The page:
Month: October 2017

Beautiful NaNoWriMo project

It’s time for the Beautiful Books link up with Cait and Skye. This month I get to introduce my NaNoWriMo project. I’m going to be writing A Brigand, No Longer which is the sequel to Girl of the Rumours. I have talked about it before (see this post), but some of my ideas have changed a little and i’m going about it in a different way.

What inspired the idea for your novel, and how long have you had the idea?

Joane being interesting inspired this book. In particular ongoing conflict between Joane and Elind, back in an imaging of the story where Elind was young. And I may have had the idea for about two years. This time last year, I was expecting to begin writing it very soon.

Describe what your novel is about!

Joane and Aydel adjusting to their new situations. Impending war. The groom being captured just before a wedding. Mayhem. Outlaws running wild. Fathers. Sisters. Lots of spoilers.

What is your book’s aesthetic? Use words or photos or whatever you like!

Wide stone streets petering off into dirt paths. Buildings in a mixture of stone, wood and plaster. Plentiful gardens. A river flowing through the town. A dirty tent town for refugees. a tangled forest stretching down from the mountains.

Introduce us to each of your characters!

Joane: Fierce, tomboy, man-hater, intimidating leader, protective, despiser of chiefs, lonely, proud, illiterate.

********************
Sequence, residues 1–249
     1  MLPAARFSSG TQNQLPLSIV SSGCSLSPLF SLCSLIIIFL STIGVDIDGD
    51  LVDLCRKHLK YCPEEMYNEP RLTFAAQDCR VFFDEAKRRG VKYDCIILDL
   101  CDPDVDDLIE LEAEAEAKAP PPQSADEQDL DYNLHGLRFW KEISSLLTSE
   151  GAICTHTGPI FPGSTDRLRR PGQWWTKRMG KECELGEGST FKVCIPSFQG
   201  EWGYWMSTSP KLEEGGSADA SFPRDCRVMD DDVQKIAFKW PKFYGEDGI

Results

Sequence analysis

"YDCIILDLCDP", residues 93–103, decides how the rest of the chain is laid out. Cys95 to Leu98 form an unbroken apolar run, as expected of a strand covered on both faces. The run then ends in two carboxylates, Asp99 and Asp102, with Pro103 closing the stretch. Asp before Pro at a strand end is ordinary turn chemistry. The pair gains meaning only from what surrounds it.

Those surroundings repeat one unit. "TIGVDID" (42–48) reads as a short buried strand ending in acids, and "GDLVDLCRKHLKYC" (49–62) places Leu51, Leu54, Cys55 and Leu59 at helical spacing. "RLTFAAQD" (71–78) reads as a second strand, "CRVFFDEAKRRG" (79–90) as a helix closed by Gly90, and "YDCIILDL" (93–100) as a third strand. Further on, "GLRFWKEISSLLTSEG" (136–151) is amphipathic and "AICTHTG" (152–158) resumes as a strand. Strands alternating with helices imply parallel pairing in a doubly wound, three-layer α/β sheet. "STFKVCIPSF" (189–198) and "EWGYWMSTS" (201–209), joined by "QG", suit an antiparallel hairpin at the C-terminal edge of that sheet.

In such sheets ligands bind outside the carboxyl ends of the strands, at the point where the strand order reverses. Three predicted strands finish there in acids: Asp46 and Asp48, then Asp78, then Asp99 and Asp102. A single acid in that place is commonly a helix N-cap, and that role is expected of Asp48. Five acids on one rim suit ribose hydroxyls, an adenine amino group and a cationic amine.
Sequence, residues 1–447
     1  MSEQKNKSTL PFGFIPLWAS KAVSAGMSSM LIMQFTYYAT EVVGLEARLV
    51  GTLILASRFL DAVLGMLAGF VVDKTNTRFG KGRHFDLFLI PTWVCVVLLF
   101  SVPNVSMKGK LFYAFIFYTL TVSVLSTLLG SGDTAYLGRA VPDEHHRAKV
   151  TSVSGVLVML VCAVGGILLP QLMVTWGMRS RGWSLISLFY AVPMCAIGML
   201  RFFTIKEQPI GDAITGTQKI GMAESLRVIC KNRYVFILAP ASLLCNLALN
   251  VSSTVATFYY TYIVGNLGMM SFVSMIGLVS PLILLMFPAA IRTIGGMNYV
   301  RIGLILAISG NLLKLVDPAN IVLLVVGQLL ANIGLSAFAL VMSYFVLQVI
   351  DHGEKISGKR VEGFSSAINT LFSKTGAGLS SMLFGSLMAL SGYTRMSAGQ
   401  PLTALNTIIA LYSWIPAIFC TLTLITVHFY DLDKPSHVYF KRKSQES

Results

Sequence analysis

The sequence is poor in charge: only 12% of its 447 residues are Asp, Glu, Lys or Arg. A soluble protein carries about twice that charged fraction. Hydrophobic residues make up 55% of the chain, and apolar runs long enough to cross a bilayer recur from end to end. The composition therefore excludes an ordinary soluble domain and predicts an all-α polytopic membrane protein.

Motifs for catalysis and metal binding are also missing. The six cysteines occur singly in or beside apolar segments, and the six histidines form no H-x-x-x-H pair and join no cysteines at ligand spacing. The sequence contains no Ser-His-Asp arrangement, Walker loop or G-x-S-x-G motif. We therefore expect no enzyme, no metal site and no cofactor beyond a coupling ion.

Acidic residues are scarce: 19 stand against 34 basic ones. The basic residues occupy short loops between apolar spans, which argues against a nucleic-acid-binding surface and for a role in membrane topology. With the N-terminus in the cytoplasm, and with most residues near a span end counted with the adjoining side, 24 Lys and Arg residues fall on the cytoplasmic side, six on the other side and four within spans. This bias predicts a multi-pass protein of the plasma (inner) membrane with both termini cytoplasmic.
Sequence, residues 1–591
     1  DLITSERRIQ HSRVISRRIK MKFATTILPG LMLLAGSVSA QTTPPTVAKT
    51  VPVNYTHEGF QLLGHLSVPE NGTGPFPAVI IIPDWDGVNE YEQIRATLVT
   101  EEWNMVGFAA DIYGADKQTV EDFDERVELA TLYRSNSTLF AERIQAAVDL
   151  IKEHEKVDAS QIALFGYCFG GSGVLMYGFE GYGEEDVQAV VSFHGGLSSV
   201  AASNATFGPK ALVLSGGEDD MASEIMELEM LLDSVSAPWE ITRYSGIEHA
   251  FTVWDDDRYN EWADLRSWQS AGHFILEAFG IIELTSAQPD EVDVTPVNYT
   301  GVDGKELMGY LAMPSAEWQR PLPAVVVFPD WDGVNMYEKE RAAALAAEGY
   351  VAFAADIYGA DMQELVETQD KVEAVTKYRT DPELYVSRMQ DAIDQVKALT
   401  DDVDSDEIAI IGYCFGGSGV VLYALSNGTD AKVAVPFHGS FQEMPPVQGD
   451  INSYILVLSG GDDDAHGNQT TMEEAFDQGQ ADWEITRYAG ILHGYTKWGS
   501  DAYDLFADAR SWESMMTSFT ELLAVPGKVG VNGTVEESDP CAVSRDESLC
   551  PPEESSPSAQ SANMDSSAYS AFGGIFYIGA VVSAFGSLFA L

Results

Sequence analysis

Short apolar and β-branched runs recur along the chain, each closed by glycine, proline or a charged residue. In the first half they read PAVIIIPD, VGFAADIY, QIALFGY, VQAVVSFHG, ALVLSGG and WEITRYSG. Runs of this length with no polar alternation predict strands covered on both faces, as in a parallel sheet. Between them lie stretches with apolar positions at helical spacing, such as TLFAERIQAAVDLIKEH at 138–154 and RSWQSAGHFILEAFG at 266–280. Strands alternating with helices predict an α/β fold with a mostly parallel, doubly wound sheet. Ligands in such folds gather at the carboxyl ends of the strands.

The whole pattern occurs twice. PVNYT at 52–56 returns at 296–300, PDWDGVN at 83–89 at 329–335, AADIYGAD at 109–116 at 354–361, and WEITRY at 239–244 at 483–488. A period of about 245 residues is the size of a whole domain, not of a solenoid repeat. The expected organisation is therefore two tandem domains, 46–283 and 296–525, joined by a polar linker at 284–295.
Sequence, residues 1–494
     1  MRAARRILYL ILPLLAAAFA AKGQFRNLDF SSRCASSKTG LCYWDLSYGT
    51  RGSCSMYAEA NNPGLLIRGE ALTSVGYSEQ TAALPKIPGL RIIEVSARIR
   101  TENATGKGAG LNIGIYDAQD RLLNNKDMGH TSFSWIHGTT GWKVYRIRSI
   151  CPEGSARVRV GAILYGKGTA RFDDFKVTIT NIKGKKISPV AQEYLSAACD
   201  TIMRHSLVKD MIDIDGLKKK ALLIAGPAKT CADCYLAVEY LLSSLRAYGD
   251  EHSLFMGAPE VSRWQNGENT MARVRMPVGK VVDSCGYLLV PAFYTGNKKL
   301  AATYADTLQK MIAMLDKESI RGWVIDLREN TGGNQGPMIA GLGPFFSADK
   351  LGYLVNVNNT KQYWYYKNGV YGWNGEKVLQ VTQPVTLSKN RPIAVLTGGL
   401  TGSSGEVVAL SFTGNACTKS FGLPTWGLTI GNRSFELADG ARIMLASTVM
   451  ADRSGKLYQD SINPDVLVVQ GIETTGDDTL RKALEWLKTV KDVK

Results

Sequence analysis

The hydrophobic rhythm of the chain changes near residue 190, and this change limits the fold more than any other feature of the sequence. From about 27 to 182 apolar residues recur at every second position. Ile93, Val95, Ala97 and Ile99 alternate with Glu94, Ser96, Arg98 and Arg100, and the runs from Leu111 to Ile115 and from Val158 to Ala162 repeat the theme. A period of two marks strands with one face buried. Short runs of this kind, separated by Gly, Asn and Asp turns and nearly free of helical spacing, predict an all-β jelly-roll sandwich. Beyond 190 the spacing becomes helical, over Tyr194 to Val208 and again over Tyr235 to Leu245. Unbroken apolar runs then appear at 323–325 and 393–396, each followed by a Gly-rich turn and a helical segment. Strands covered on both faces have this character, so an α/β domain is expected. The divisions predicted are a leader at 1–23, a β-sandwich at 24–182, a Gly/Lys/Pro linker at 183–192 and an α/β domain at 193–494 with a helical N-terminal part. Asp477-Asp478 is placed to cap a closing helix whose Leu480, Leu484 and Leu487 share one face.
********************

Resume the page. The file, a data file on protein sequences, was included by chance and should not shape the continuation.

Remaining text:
Aydel: Broken, freedom-lover, comforter, shunned, healer, best sister ever, regretful.

Wil: Noble, cautious, protective, can’t say what he wants, haunted, self-sacrificing, trustworthy.

Ireen: Power-hungry, not a compelling leader, terrifying, clever, perpetual rebel,  hurt.

How do you prepare to write? (Outline, research, stocking up on chocolate, howling, etc.?)

I’ve done a bit of outlining. Still more to do. And I’ve stocked up on chocolate that is to be doled out at mile stones.

What are you most looking forward to about this novel?

Figuring it out. I have some plans, but I’m really just looking forward to seeing where it goes and what new characters pop up.

List 3 things about your novel’s setting.

  1. A lot of the book is in a city.
  2. The city is more open than crowded, and is generally cheerful.
  3. Bright, strong colours are the fashion.

What’s your character’s goal and who (or what) stands in the way?

Joane wants to make the world calm down, but she’s removed herself from her old place of authority and is hopeless in the new situation. Aydel wants her sister happily married, but Arthen has been taken in a raid and Aydel is prohibited from leaving the city.

How does your protagonist change by the end of the novel?

Joane will be less jaded and suspicious. More graceful and capable. Aydel will have found hope again.

What are your book’s themes? How do you want readers to feel when the story is over?

Right now, I feel that a major theme is new beginnings. Submission and trust will come into play as well. I want people to come away feeling lightened and cheered.

 

That’s that, and you can check out the other entries here or here.

Giveaway Winners Announced

Hello everyone,

I finally found enough time to draw the giveaway winners out of Rafflecopter’s magical algorithms (not that it has any). This will just be a short post, but I’ll have something  worth reading up in a day or two.

(I’m excited enough to use a GIF despite having an aversion to them on blogs)

 

Now, here are the winners:

The free critique goes to Keturah Lamb.

Half price on any one of my editing services goes to Faith Blum.